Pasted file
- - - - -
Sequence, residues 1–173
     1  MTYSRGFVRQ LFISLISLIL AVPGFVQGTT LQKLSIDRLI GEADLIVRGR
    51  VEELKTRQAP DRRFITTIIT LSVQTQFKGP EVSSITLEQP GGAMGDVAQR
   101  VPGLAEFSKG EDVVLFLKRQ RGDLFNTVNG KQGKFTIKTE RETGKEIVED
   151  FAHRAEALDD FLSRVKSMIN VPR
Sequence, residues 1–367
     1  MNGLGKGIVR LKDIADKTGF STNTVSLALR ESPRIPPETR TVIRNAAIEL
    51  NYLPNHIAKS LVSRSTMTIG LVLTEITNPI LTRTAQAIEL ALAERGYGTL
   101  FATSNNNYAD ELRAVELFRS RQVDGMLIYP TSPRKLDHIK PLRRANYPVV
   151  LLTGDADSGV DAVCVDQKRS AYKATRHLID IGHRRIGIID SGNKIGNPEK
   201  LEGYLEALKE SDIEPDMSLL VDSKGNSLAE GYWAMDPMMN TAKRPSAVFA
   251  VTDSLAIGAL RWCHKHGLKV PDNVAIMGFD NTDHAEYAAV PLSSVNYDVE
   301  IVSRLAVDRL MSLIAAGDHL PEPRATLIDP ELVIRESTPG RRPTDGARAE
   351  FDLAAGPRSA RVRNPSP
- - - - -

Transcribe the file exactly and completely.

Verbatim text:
Sequence, residues 1–173
     1  MTYSRGFVRQ LFISLISLIL AVPGFVQGTT LQKLSIDRLI GEADLIVRGR
    51  VEELKTRQAP DRRFITTIIT LSVQTQFKGP EVSSITLEQP GGAMGDVAQR
   101  VPGLAEFSKG EDVVLFLKRQ RGDLFNTVNG KQGKFTIKTE RETGKEIVED
   151  FAHRAEALDD FLSRVKSMIN VPR
Sequence, residues 1–367
     1  MNGLGKGIVR LKDIADKTGF STNTVSLALR ESPRIPPETR TVIRNAAIEL
    51  NYLPNHIAKS LVSRSTMTIG LVLTEITNPI LTRTAQAIEL ALAERGYGTL
   101  FATSNNNYAD ELRAVELFRS RQVDGMLIYP TSPRKLDHIK PLRRANYPVV
   151  LLTGDADSGV DAVCVDQKRS AYKATRHLID IGHRRIGIID SGNKIGNPEK
   201  LEGYLEALKE SDIEPDMSLL VDSKGNSLAE GYWAMDPMMN TAKRPSAVFA
   251  VTDSLAIGAL RWCHKHGLKV PDNVAIMGFD NTDHAEYAAV PLSSVNYDVE
   301  IVSRLAVDRL MSLIAAGDHL PEPRATLIDP ELVIRESTPG RRPTDGARAE
   351  FDLAAGPRSA RVRNPSP